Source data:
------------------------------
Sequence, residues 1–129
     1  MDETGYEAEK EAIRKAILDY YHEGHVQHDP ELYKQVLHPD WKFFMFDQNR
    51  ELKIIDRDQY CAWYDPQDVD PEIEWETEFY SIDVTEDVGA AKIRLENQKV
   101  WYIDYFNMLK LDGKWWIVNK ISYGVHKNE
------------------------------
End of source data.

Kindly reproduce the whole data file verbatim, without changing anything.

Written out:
Sequence, residues 1–129
     1  MDETGYEAEK EAIRKAILDY YHEGHVQHDP ELYKQVLHPD WKFFMFDQNR
    51  ELKIIDRDQY CAWYDPQDVD PEIEWETEFY SIDVTEDVGA AKIRLENQKV
   101  WYIDYFNMLK LDGKWWIVNK ISYGVHKNE